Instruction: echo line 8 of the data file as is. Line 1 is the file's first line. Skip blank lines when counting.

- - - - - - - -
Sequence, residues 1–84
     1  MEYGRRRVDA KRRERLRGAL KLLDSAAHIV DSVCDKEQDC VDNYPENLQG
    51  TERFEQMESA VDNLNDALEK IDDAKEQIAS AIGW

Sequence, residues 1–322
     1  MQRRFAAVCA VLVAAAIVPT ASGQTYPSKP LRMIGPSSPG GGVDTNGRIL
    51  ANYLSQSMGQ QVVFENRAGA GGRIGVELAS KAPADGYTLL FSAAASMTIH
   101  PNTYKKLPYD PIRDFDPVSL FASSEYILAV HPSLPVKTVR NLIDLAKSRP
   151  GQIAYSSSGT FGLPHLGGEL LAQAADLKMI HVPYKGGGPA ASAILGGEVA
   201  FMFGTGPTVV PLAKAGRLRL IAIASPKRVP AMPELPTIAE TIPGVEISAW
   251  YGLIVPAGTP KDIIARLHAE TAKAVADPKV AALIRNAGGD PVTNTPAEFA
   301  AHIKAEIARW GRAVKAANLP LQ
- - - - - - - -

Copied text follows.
   151  GQIAYSSSGT FGLPHLGGEL LAQAADLKMI HVPYKGGGPA ASAILGGEVA